As Scottsdale leaders grapple with growth, the mayor is pledging to preserve the city’s suburban lifestyle.
During his State of the City address, Mayor Dave Ortega said barely 1% of existing land use is designated commercial — for things like retail, entertainment, office and services.
“Recent massive projects, which claim to be mixed use, consume commercial land entirely for residential use,” he said. “Converting commercial land to 100% residential erodes our economic viability and is contrary to our general plan.”
Ortega mixed-use projects across the city to maintain 20% for commercial use. Last year, he rebutted a lobbyist for the Arizona multifamily housing association who said policy makers should be reducing barriers to construction and cited a 2019 study that said Scottsdale needed to add 50,600 housing units to meet demand.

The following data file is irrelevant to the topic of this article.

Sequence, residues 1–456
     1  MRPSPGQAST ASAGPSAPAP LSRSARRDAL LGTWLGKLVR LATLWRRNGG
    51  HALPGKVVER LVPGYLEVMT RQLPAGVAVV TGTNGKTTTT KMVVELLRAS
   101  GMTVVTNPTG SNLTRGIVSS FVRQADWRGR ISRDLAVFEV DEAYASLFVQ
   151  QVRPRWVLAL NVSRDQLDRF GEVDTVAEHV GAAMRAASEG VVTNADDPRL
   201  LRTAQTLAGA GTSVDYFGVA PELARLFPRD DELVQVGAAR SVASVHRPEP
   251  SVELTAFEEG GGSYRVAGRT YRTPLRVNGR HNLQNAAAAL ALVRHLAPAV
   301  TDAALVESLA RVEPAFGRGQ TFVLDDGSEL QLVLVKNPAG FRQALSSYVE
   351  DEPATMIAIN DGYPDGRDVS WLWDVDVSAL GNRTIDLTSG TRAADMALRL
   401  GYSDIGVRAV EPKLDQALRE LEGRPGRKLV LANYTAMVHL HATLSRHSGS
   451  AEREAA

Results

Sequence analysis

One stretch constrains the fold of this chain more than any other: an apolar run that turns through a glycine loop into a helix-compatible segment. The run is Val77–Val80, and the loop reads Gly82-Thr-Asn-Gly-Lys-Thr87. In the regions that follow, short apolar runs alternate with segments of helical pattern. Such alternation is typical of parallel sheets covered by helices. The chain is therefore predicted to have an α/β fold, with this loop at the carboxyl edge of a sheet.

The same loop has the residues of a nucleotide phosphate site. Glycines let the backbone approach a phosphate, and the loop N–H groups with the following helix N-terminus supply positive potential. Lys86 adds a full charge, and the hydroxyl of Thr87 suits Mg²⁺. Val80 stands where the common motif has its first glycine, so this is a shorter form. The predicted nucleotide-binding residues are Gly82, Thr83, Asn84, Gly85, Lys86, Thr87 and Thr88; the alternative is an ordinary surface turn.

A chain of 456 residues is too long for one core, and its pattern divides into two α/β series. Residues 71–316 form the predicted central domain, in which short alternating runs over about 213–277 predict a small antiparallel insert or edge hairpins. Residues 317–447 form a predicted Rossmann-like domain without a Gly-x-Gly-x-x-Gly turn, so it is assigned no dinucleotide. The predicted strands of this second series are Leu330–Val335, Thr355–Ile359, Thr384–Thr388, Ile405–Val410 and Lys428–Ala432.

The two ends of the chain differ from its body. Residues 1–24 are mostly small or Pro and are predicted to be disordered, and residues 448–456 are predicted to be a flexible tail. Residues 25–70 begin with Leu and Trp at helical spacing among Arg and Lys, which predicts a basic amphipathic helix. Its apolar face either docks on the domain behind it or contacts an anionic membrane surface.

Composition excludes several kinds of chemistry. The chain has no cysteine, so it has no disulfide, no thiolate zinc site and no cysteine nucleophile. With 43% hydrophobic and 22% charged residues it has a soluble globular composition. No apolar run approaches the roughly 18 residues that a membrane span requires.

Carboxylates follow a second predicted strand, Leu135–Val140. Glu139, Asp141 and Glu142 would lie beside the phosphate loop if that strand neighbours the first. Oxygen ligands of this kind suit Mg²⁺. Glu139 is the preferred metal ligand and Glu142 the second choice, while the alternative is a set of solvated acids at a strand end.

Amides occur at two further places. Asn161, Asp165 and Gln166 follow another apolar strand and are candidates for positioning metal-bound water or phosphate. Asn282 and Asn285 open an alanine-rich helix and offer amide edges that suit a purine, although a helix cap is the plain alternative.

Scottsdale Mayor David Ortega at Scottsdale Stadium
Ortega said the council would evaluate each multifamily housing project individually, based on its merits. Between 2010 and 2020, Scottsdale’s population grew by 11.6%.
He criticized House Bill 2674 introduced at the Legislature that would override most city zoning requirements and pave the way for developers to build more apartment complexes and single-family homes. Supporters say it will address the state’s housing shortage while critics say it wipes out local control.
The mayor said he expects pushback from the short-term and vacation rental industry this year. That’s because the council recently updated city ordinances to address nuisance complaints and party houses.
“I will continue to ask the Arizona Legislature to remand to Arizona cities local control and compliance,” Ortega said.
AUTHOR: Christina Estes